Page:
In the civil realm of American society, Martin Luther King Jr. is certainly an important person to remember. He had a positive influence upon our country and the mindset of its citizens. It’s good for us all to recognize this. If I have been irritated that some Lutherans know more about MLK Jr. (because of the emphasis at school) than they know about Martin Luther, his prototypical namesake, that irritation does not diminish my respect for the good that MLK Jr. accomplished for our country and this civil society, despite his theological weaknesses.
Rev. Paul McCain posted a nice little summary about the significance of MLK Jr. on his blog. I agree with what he says there, but I’d like to point out a niggling problem in the way some have described the Civil Rights Movement. It’s become somewhat common to describe its cause as “social justice.” I deny that emphatically, because that term is a lie. It’s an attempt to dress up what we would otherwise call “injustice” as its opposite, and pollute the ideal of civil society with unjust discrimination founded upon race- or behavior-based classifications of people.
MLK Jr. was not a crusader for social justice, but simply for justice. Is it not a plain injustice to segregate a society arbitrarily based upon the pigmentation of our skin, or any arbitrary physical characteristic? Does not the evil of racism manifest itself in straight-out injustice? Is it not the human sense of justice that is violated when perpetrators of violence and murder are allowed to go unpunished on the basis of their skin-color, social standing, wealth, religion, or any other difference between human beings? Attempting to narrow our concept of justice to describe the importance the Civil Rights Movement may sound articulate, but it subverts our understanding of justice itself, and therefore actually robs men like MLK Jr. of their true importance.
If we were to admit the concept of “social justice” as a valid virtue of civil society, we would eventually find ourselves accepting arbitrary preferences in both law enforcement and in the courtroom. “The defendant has certainly robbed, raped, and killed his fellow citizens, including killing a law enforcement officer, but on account of his underprivileged upbringing, and because of his skin color, and even because some of his ancestors were deprived of their human dignity as slaves, this court finds that the circumstances mitigate his guilt in these matters. He is hereby recommended for one year of vocational counseling, and the arresting officers for one year of sensitivity training.” That would be an extreme example of “social justice,” showing that it’s really injustice behind a mask.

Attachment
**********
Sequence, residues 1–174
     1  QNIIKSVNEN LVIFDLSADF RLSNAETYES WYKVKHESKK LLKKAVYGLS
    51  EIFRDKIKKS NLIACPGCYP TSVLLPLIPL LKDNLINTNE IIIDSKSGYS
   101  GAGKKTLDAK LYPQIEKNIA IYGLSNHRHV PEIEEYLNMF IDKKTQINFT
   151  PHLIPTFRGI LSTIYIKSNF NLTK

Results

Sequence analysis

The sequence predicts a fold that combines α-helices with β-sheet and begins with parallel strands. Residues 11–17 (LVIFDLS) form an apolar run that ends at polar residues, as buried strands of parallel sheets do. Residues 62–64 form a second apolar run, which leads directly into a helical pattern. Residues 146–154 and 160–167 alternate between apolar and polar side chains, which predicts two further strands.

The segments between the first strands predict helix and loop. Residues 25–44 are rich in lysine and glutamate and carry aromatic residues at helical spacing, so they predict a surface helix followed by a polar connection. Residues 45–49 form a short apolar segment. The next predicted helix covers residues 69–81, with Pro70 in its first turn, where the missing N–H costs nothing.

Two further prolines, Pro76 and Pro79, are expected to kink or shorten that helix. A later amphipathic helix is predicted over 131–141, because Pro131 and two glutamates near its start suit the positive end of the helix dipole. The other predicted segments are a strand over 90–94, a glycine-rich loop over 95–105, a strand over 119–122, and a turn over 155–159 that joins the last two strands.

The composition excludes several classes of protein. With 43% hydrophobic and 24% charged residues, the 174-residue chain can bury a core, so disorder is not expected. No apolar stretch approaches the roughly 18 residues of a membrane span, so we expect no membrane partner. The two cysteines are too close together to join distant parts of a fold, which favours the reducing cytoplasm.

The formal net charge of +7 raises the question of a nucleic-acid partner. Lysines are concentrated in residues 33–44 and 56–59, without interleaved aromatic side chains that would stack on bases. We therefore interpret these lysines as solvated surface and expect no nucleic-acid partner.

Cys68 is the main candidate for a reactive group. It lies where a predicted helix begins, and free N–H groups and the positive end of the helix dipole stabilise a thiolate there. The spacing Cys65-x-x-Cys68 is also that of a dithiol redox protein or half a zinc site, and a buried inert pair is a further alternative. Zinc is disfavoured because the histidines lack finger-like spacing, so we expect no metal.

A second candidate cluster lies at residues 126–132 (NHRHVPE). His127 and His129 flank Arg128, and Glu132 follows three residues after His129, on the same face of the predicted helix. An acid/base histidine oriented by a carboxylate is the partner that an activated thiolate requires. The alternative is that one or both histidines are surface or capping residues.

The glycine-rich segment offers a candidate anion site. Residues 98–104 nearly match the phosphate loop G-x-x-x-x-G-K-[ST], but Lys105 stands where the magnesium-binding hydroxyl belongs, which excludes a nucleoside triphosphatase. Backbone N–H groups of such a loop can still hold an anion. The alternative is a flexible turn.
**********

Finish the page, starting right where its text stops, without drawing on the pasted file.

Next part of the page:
The ideal of justice being blind should remain our society’s ideal. She knows nothing of rich or poor, male or female, black or white, Christian or Jew, Catholic or Protestant. She knows only the law, and judges on the basis of our actions under the law. She doesn’t care what we think or believe, because she is is not God. She doesn’t care what we say (with certain exceptions, like “fire” in a crowded theater), because we have freedom of speech. She only cares whether we break the law. Also for this reason, the concept of “hate crimes” is unjust, wrong-headed, and tyrannical. If the deed was a crime, then justice already demands that the doer must be judged guilty. When we add or subtract to plain justice, we foster injustice.
So much for that. The other thing I’ve heard about recently is this justification for eliminating the law-abiding citizens’ right to be armed: “If it only saves the life of one person, it would be worth the loss of freedom for the rest.” This argument is also deceptive, and not limited the subject of arms control. The same argument is often applied to justify the loss of many other kinds of freedom. Allow me to point out that eventual death is certain for us all, but freedom is not. Besides that, I can easily use that argument against the gun-control advocate who makes it by pointing out that weapons carried by law-abiding citizens save lives daily. Therefore, to deprive those citizens of their freedom is to turn the tables and cause a daily loss of life. Who would want that on his conscience? If we err in the civil realm, it should be on the side of freedom and the protection of human life (and of private property, but that’s another blog post).